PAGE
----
Central bank maintains relaxed monetary policy

PUBLISHED : Monday, 13 April, 2009, 12:00am
UPDATED : Monday, 13 April, 2009, 12:00am

China's central bank said yesterday it will maintain a relaxed monetary policy to ensure sufficient liquidity to support economic growth, easing concerns it will tighten credit following strong money-supply growth last month.

The People's Bank of China yesterday said measures taken to boost economic growth had shown early good signs and a 'moderately loosened' monetary policy and keeping ample liquidity in the banking system would continue to be implemented.

The comment was greeted with caution by analysts and economists who said last month's growth in credit was encouraging rather than alarming as it was driven by the government's stimulus package. The figures could also have been exaggerated by interest rate arbitrage activities by lenders, they said.

However, some observers warned that banks that did not exercise care with their credit controls could face rising bad loans.

Adding fuel to those concerns was the fact that after the latest jump, new loans made in the first quarter amounted to 4.58 trillion yuan (HK$5.19 trillion), close to the government's target of 5 trillion yuan for the whole year.

In a statement, the PBOC said it would continue to 'implement the macroeconomic controls set by the central party committee and the State Council, implement a moderately loosened monetary policy [and] maintain continuity and stability of monetary policy'.

The comment came after data released on Saturday showed that new loans soared to a fresh monthly high of 1.89 trillion yuan last month from the previous high of 1.62 trillion yuan in January and 1.07 trillion yuan in February. M2 growth accelerated 25.5 per cent year on year, higher than market expectations.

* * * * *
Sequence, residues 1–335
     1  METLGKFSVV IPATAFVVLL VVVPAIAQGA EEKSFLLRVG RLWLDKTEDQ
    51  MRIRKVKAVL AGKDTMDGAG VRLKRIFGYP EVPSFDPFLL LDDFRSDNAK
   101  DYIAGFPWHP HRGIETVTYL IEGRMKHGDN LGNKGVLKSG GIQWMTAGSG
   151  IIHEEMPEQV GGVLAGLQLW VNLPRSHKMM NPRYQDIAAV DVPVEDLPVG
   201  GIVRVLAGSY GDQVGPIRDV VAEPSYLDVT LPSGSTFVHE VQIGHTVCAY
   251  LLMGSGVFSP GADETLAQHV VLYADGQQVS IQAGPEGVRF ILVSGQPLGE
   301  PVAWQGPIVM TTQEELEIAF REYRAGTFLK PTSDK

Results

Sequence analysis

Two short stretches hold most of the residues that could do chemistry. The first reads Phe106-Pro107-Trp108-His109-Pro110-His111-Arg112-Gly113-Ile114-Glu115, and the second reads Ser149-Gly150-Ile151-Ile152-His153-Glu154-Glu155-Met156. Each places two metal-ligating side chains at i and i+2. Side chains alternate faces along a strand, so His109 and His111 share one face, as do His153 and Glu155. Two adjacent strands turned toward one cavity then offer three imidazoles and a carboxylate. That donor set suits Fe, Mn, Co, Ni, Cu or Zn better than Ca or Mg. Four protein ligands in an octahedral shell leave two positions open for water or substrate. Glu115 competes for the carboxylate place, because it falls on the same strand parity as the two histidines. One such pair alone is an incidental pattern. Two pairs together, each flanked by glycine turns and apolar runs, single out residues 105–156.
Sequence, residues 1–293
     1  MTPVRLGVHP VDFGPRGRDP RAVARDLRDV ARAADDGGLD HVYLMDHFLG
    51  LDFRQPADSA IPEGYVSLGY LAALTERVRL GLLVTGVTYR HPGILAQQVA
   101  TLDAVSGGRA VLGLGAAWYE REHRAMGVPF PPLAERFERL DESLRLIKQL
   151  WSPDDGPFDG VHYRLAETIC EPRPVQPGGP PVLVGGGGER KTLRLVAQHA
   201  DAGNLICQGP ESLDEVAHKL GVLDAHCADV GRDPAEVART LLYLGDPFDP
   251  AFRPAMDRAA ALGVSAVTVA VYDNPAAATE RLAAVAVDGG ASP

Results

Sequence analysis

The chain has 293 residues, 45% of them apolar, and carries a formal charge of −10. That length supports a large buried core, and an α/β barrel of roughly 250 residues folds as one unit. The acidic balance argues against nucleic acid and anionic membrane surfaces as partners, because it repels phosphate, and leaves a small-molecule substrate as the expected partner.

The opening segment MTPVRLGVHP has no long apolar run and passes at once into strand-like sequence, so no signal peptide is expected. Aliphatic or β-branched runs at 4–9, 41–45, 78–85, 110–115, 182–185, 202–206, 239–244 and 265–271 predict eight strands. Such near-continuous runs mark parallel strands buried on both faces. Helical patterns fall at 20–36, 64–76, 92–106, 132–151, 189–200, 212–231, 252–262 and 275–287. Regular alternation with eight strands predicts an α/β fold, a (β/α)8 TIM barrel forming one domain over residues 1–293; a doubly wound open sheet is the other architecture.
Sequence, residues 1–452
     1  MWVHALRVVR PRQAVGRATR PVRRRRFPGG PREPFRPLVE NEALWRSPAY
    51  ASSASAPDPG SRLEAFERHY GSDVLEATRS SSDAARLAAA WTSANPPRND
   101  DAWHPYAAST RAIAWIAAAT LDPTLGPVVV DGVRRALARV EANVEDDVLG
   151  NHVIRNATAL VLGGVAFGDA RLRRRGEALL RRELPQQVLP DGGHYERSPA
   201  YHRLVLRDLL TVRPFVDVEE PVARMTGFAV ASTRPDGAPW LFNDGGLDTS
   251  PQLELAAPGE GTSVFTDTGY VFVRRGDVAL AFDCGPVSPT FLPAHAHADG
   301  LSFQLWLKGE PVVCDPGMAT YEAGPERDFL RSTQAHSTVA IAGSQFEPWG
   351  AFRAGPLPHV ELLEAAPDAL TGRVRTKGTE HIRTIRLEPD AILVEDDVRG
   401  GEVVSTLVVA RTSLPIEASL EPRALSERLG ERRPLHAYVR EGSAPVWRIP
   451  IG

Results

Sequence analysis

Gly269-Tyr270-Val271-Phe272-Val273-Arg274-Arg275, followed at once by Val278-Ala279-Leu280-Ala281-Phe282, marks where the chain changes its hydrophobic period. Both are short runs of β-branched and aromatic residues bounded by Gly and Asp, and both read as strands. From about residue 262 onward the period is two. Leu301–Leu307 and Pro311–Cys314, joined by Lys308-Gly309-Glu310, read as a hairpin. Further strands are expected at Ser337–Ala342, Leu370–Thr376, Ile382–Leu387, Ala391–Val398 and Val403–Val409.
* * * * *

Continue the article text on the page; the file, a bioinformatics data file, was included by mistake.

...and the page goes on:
Premier Wen Jiabao had earlier said in Pattaya, Thailand, that the mainland economy was on the mend, and the difficulties faced by some industries and enterprises had begun to show signs of easing. He was also quoted by Reuters as saying industrial output growth accelerated to 8.3 per cent last month, picking up from a record low of 3.8 per cent in the first two months of the year.

Economists said the key issue confronting policymakers was to ensure that the credit was finding its way to labour-intensive small and medium-sized enterprises, which so far had yet to benefit from easier money, most of which was going to infrastructure projects.

The PBOC aims to pump more financial support into these enterprises and the agricultural industry.

However, that intention was not captured in the data that showed that the proportion of medium and long-term loans among new loans last month had risen to 47.9 per cent from 32.6 per cent in February.

Analysts said this reflected increased credit supplied to large-scale projects backed by the 4 trillion yuan fiscal stimulus package the central government announced in November last year.

In contrast, the proportion of discounted bills in the loan total fell significantly to about 20 per cent from 46 per cent in the previous month. Such bills are typically used for enterprise working capital and dilute bank loan margins.

'While we do believe there are anomalies such as interest rate arbitrage activities using discount bills, which do not reflect fundamental demand from the real economy, the surge in credit growth has been mainly driven by the policy stimulus which requires a large amount of funding for investment projects,' said a Goldman Sachs report.

The latest financial reports from the nation's Big Four state-owned banks revealed that the lenders had cut the manufacturing sector's share of loans by shifting new loans grants in the fourth quarter of last year to electricity, gas and infrastructure construction sectors.

Guo Tianyong, a professor with the Central Economic and Financial University in Beijing, said with the surge of lending, banks needed to be aware of the risk of bad loans.

However, Jing Ulrich, the China equities chairman at JP Morgan, said tighter risk management practices might have led to a growing disparity in the amount of credit available to large corporations compared with smaller businesses.

'Chinese banks have continued to be highly selective in lending to private companies in the manufacturing industry,' Mrs Ulrich said.

Mr Guo said the loan growth seen last month would slip this month.